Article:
Valences and sense of personal autonomy with regard to professional development in Dutch primary teachers: Do decision contexts and age make a difference?

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Folke J. Glastra
Cornelis J. de Brabander


In this study on motivations concerning professional development (PD) we interviewed 95 primary school teachers in the Netherlands. We coded these data using the Unified Model of Task-specific Motivation (de Brabander & Martens, 2014) in different decision contexts concerning who decides about teacher participation in PD: school board, teacher teams, or individual teachers. We analysed the valences that teachers associated with PD activities, their experiences of autonomy, and whether and how these variables were affected by decision context and teacher age. Results show that decision contexts relate differently to valences and autonomy experiences. Positive autonomy and positive valences increased going from schoolboard to team to individual decision contexts. Whereas the literature on effective teacher PD stresses the importance of PD design features, our study is the first to empirically demonstrate the crucial influence of decision contexts. Among older teachers, teaching experience informed the selection of PD content to transfer to their classrooms. Younger teachers tended to first explore whether PD worked in their classrooms before deciding about adoption. Direct applicability emerged as a dominant criterion for evaluating PD. Decision context and autonomy regarding PD programmes play important roles in ensuring applicability. Our research revealed that the dominance of the direct applicability criterion was not motivated by student benefits alone. It was also based in an attitude of efficiency among primary teachers, reflecting growing work pressures and a general prioritisation of classroom teaching above all other tasks, including PD.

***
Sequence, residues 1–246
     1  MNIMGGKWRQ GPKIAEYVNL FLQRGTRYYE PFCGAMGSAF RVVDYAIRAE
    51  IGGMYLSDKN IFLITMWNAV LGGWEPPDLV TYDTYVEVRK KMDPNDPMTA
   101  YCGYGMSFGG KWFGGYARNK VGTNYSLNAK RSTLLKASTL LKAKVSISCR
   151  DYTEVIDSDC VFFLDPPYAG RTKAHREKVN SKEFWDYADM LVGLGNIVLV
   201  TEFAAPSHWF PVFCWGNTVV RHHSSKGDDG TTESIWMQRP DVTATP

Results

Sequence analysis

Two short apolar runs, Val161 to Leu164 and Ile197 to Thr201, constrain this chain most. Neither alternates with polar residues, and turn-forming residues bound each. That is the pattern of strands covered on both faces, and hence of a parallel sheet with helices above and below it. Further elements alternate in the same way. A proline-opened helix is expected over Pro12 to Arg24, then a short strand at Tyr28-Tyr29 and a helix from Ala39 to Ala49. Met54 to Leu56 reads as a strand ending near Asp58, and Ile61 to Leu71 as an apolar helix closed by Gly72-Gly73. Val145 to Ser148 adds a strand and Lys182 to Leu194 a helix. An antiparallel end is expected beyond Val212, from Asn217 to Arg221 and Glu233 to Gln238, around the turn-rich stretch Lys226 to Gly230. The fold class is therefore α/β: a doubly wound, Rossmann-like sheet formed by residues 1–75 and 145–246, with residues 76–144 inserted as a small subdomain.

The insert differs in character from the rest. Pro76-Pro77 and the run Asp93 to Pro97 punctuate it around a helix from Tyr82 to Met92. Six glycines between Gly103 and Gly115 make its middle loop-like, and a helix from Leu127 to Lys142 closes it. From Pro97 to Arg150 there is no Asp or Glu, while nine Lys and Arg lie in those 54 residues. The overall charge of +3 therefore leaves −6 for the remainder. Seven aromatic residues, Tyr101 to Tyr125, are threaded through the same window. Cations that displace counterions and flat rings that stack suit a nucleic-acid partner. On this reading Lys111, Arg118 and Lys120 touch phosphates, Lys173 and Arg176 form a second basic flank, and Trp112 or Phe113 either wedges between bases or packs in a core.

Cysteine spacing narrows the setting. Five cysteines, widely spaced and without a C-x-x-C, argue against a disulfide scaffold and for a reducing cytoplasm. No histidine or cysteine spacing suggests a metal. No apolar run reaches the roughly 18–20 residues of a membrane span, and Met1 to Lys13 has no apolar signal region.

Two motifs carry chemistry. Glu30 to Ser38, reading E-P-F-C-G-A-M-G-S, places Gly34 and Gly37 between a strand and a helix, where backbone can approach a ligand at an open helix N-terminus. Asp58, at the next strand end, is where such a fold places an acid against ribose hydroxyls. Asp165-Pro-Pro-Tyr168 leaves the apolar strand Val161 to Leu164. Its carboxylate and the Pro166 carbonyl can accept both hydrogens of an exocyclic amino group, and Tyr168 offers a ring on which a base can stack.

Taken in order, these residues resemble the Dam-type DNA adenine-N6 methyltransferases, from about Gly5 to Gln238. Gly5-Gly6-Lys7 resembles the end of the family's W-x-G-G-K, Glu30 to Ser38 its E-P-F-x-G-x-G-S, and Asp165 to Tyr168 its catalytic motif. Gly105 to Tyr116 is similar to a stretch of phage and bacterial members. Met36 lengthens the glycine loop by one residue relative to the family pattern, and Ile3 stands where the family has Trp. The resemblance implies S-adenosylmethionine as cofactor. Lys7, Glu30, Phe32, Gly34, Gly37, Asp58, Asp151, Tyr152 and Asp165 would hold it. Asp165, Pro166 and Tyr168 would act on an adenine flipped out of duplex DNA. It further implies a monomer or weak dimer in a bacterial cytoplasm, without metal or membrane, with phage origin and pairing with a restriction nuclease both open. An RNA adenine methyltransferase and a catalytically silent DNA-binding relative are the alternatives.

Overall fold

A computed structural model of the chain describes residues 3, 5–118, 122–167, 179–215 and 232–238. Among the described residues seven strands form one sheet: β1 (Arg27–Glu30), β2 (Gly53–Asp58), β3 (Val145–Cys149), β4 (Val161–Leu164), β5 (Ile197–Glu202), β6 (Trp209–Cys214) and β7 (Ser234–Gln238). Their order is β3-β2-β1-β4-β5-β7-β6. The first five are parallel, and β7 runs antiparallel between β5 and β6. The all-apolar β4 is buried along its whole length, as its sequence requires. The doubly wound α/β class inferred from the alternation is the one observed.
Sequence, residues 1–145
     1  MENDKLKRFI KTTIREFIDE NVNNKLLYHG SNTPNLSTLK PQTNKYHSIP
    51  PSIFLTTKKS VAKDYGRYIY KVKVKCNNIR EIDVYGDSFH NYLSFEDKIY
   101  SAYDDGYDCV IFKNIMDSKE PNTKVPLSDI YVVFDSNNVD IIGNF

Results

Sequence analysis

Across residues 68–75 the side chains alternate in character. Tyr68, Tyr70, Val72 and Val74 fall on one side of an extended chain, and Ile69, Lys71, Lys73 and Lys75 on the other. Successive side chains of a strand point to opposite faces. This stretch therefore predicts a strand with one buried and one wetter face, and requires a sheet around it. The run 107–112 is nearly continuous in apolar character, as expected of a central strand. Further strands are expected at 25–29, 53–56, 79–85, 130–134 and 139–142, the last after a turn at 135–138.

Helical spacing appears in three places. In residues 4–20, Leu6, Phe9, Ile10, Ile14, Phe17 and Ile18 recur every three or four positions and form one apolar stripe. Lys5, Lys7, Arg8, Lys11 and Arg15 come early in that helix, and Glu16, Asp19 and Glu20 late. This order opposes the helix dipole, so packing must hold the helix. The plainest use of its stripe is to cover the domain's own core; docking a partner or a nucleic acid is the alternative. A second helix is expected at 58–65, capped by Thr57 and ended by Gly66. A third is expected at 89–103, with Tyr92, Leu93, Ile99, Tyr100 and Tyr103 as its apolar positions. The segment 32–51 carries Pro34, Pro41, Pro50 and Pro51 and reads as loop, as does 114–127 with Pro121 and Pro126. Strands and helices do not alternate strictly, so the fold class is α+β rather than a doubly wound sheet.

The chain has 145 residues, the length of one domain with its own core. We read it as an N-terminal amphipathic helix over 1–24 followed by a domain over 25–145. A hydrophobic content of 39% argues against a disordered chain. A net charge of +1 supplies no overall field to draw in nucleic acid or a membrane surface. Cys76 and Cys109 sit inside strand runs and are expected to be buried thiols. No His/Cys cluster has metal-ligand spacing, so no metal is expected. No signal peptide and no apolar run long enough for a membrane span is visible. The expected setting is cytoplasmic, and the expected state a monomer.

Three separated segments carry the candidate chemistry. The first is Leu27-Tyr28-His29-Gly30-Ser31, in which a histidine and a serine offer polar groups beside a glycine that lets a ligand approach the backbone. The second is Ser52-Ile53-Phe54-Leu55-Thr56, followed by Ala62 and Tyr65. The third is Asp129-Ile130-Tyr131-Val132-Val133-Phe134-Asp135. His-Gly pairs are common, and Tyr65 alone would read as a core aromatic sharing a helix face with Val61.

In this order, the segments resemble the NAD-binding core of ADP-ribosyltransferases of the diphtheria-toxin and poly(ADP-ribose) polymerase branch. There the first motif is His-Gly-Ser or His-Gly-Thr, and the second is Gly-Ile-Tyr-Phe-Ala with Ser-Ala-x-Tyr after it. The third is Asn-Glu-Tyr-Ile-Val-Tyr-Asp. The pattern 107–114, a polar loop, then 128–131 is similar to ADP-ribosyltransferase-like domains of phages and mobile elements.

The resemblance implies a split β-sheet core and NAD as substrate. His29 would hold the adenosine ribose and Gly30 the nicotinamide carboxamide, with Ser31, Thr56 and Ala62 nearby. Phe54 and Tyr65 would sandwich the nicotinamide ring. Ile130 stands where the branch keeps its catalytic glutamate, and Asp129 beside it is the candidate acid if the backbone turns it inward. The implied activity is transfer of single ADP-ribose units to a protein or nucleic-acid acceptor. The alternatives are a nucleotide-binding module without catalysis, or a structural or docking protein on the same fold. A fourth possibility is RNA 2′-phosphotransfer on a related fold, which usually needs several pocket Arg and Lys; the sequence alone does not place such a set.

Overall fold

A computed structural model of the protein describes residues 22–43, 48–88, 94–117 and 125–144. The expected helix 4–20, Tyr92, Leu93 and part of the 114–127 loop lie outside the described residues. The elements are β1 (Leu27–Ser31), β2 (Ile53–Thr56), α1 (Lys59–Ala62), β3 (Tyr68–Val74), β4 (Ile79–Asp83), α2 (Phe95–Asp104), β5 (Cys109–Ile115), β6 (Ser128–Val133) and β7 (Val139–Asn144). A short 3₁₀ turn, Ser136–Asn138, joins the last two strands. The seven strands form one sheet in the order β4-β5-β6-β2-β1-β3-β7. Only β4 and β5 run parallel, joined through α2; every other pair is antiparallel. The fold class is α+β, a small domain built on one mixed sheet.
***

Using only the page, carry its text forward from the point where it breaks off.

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How to Cite
Glastra, F. J., & de Brabander, C. J. (2021). Valences and sense of personal autonomy with regard to professional development in Dutch primary teachers: Do decision contexts and age make a difference?. Frontline Learning Research, 9(4), 1–34.


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